A CONCERN FOR HUMAN HEALTH
The fact that microplastics can accumulate in body tissues could also mean that more plastic particles are transferred further up the food chain to top predators like humans than is currently thought.
It’s generally believed that only very small microplastics (particles less than 100 microns) can move from the gut or respiratory system into the bloodstream. This would limit the amount of microplastics that are consumed when eating marine vertebrates.
But the US study has found the presence of larger microplastic particles in non-digestive tissues, suggesting this assumption might not hold true. Separate studies in the Persian Gulf and Black Sea have also revealed a variety of microplastic sizes present in non-digestive tissues of commercial fish.
Together, these findings could have implications for human health. Marine mammal meat and blubber are an important food source within certain Indigenous communities. And many people consume fish as part of their diets.
The risk of ingesting microplastics from a seafood meal is, at present, lower than that from drinking bottled water. But the prevalence of microplastics in the marine environment is rapidly increasing, and it is now evident that these particles can enter the bloodstream of animals and humans too. Research has found microplastic particles in human blood samples and in human placenta.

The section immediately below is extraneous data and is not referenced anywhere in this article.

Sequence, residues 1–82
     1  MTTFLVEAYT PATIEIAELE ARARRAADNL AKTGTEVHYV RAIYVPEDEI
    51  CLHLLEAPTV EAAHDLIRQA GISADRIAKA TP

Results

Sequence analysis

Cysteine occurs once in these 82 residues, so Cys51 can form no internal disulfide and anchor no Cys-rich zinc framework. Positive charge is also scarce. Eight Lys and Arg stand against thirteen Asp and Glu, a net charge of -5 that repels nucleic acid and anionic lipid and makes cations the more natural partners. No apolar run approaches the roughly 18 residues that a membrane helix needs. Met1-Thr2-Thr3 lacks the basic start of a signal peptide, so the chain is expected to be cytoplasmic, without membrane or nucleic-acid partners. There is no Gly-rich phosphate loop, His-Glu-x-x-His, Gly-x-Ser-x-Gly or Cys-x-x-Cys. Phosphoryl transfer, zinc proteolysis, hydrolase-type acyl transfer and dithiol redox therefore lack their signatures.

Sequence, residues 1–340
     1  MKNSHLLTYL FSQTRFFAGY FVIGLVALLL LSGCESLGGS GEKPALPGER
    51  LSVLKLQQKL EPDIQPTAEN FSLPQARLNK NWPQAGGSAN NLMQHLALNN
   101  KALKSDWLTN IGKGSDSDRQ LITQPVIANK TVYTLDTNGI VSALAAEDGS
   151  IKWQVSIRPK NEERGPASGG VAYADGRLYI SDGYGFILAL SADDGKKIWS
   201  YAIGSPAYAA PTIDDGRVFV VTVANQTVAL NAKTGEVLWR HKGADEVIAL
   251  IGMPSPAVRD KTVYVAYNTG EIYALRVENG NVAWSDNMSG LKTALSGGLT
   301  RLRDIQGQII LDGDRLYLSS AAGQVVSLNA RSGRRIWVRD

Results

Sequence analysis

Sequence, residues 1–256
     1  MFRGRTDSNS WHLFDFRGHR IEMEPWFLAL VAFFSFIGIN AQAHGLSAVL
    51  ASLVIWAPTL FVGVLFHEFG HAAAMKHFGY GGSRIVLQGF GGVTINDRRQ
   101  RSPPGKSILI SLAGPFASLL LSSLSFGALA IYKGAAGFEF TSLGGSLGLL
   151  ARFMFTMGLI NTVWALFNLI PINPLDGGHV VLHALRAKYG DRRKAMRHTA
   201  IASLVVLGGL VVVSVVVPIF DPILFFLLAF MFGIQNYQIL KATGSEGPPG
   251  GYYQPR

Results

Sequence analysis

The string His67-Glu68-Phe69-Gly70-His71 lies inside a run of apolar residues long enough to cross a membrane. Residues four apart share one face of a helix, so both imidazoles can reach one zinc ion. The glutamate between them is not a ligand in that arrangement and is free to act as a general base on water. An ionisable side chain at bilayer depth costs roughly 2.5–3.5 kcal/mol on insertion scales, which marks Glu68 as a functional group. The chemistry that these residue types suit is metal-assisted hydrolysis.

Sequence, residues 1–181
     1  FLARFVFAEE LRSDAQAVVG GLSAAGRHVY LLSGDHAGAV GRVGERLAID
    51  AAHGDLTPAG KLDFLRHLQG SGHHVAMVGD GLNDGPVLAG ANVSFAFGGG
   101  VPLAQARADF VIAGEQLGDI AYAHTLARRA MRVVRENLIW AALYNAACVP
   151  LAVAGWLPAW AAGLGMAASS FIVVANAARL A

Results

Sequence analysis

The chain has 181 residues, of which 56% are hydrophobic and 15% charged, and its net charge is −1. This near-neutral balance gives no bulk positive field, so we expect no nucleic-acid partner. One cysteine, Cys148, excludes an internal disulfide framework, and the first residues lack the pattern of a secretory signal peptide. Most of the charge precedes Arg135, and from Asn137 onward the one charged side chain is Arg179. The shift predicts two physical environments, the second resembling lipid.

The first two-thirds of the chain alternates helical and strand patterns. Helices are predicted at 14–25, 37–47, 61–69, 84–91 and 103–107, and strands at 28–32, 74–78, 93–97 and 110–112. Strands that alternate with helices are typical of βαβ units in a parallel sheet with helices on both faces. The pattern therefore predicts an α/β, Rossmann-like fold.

Laboratory studies have managed to highlight the generally negative impacts of microplastic exposure on small fish and invertebrates. However, we still lack a full understanding of the consequences of microplastic ingestion for larger mammals such as whales, dolphins, and humans.
What we are certain of is the escalating abundance of microplastics in the marine environment – our oceans are now filled with more than 170 trillion plastic particles. Efforts to stop the flow of plastic into the marine environment are urgently required.
Samantha Garrard is Senior Marine Ecosystem Services Researcher, Plymouth Marine Laboratory. This commentary first appeared on The Conversation.